Henderson v. Moore - 9 U.S. 11 (1809)
U.S. Supreme Court
Henderson v. Moore, 9 U.S. 5 Cranch 11 11 (1809)
Henderson v. Moore
9 U.S. (5 Cranch) 11
The refusal of the court below to grant a new trial is not error.
Upon the plea of payment to an action of debt upon a bond conditioned to pay five hundred dollars, evidence may be received of the payment of a smaller sum with an acknowledgment by the plaintiff that it was in full of all demands, and from such evidence, if uncontradicted, the jury may and ought to infer payment of the whole.
On the plea of payment to an action of debt upon a bond, for $500, dated in 1781, the defendant offered evidence to prove that in the year 1797 the plaintiff acknowledged that he had received of the money of the defendant to the amount of about $1,000, of one Willoughby Tibbs, out of the amount of a decree which the defendant had obtained against him for $3,000, and that the money which he so received was in full of all his claims against the defendant, the plaintiff having paid for the defendant several sums of money. There was no settlement made nor any receipt given.
"Whereupon the plaintiff prayed the court to instruct the jury that if from the evidence it should be satisfied that the bond had not been fully paid off, no declaration of the plaintiff 'that his claims against the defendant were all satisfied' would be a bar to his recovery in this action, which instruction
the court refused to give as prayed, but directed the jury that if it should be satisfied by the evidence that the defendant, in the year 1797, paid the plaintiff a sum of money less than the amount mentioned in the condition of the bond, which the plaintiff at that time acknowledged to be in full satisfaction of all his claims against the defendant, such payment and such acknowledgment are competent evidence upon the plea of payment, and that the jury may and ought to presume therefrom that the whole sum mentioned in the condition of the said bond has been paid to the plaintiff unless such presumption be repelled by other evidence in the cause, to which refusal and instruction the plaintiff excepted."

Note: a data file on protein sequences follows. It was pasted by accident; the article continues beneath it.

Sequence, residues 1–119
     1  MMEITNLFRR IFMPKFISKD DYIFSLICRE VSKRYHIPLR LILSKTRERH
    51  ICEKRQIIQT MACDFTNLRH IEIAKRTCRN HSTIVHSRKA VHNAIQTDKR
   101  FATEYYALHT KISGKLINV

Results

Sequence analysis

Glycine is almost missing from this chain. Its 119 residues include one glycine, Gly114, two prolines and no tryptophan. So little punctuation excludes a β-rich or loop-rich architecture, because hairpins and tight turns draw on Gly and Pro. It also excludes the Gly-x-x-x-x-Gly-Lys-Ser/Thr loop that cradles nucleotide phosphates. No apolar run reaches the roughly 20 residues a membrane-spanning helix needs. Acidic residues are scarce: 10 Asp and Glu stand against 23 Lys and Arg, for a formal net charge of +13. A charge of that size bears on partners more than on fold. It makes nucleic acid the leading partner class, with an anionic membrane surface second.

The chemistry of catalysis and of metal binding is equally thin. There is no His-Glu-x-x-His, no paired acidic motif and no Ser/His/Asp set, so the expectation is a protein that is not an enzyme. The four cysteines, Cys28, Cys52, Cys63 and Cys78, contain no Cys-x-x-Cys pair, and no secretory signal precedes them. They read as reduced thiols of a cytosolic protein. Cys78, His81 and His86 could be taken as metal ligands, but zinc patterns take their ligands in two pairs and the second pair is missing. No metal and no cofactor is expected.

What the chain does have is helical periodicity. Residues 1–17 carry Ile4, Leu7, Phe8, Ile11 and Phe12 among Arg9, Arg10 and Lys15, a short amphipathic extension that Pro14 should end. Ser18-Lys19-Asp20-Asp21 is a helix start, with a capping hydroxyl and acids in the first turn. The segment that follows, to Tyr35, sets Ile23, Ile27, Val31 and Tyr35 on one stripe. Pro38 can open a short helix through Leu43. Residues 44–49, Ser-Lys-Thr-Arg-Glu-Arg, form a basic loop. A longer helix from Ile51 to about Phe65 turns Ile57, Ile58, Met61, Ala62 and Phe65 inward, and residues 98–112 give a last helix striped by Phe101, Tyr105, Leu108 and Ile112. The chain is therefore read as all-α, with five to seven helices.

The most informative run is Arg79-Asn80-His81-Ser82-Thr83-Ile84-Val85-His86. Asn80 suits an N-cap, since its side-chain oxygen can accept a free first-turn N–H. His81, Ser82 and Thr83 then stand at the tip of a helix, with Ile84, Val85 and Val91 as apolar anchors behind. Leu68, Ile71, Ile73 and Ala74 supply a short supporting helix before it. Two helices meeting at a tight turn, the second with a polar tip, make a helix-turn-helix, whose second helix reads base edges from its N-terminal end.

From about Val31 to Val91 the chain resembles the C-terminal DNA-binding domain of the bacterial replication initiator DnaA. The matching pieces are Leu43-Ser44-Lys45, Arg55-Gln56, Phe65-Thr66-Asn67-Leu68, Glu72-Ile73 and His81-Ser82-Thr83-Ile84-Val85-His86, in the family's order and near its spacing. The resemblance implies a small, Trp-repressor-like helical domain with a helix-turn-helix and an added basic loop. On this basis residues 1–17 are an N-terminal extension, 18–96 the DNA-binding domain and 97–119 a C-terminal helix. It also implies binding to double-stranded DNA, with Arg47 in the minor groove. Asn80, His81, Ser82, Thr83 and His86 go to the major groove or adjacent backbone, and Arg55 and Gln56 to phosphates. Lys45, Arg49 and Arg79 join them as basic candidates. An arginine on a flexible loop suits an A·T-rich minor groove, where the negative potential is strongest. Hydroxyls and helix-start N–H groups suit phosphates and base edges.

The verdict being for the defendant, his counsel moved the court for a new trial, and grounded his motion upon sundry affidavits tending to prove that the whole amount of the bond remained due to the plaintiff, and that he was surprised by unexpected testimony at the trial. But the court refused to grant a new trial.
Two errors were assigned.
1. That the court below refused a new trial.
2. That the court ought to have given the instruction to the jury as prayed by the plaintiff, and ought not to have given the direction which they did.